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Boston Bombing Victim Credits Positive Attitude In Recovery

posted 10 May 2013, 09:56 by Sam Mbale   [ updated 10 May 2013, 09:57 ]

A survivor of the Boston marathon bombing, Heather Abbott credits a positive attitude as a vital element in her recovery from the loss of her lower leg.

 BOSTONMASSACHUSETTSUNITED STATES (MAY 10, 2013) (NEW ENGLAND CABLE NEWS) - A victim of the bombing at the finish line of the Boston Marathon, Heather Abbott now walks on crutches as she awaits a custom prosthetic leg, which will allow her to walk again.

The 38-year-old from NewportRhode Island says a positive attitude has been vital to her recovery.

"If someone told me this was going to happen to me, I am sure I wouldn't have expected that I would have a strong outlook or a positive outlook, because it's such a terrible thing that happened. But as soon as it did, I decided that there's nothing I can do about it, that it's the situation I've been dealt, and the best way to overcome it is to focus on recovery," Abbott said during a news conference at the Spaulding Rehabilitation Hospital in Boston on Friday (May 10).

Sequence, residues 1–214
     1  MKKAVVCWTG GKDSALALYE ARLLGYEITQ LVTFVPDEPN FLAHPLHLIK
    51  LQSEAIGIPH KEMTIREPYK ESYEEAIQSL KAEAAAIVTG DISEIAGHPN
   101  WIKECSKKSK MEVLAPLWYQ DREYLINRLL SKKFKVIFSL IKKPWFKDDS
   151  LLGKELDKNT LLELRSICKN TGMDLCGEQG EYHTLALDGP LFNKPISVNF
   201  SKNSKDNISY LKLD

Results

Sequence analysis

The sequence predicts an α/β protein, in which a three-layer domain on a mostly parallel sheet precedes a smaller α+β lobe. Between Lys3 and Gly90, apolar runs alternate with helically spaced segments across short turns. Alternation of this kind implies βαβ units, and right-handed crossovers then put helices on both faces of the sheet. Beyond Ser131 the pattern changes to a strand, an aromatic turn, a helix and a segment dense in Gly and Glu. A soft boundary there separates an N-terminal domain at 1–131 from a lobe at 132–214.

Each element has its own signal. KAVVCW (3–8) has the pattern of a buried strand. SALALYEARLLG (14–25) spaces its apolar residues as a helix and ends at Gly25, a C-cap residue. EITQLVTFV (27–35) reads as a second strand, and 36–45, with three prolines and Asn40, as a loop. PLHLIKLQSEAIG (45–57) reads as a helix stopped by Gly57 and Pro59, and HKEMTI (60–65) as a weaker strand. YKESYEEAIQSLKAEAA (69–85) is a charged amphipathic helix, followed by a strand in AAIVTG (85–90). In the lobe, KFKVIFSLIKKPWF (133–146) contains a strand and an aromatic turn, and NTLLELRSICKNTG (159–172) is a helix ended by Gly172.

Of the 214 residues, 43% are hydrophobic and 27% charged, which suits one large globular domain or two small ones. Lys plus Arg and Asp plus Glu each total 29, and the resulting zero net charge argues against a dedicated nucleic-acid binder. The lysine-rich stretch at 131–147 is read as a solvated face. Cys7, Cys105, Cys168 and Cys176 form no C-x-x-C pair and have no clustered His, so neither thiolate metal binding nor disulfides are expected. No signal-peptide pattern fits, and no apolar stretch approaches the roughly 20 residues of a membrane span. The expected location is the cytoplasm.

Abbott was hurled into the entryway of a restaurant when twin blasts exploded on April 15. The bombing killed three people and injured 264 others.

For days, doctors, who rushed Abbott to an operating room less than an hour after the blasts, had hoped to save her badly mangled left foot.

But it soon became clear that Abbott would have a better chance of resuming her normal life filled with aerobics classes if she went into surgery again. So exactly one week after the Boston bombing and as a moment of silence was observed for its victims, doctors opted for a below-the-knee amputation.

Recovering from the surgeries has taken weeks, but Abbott says she is pleased with her steady progress.

"I look at those different steps, you know, of having to be wheeled around to wheeling myself around to then walking on crutches all the time, it definitely shows how I've progressed and when I think about that I'm very, you know, very happy with that," she said.

The pressure-cooker bombs, which were left on the ground near the finish line of the race, caused severe lower body injuries in victims.

Abbott, who works in human resources at Raytheon Corp, said she has tried to shut out the news and focus only on her own road to recovery.

With a prosthesis she will get in a few weeks, she is expected to resume a full and athletic life.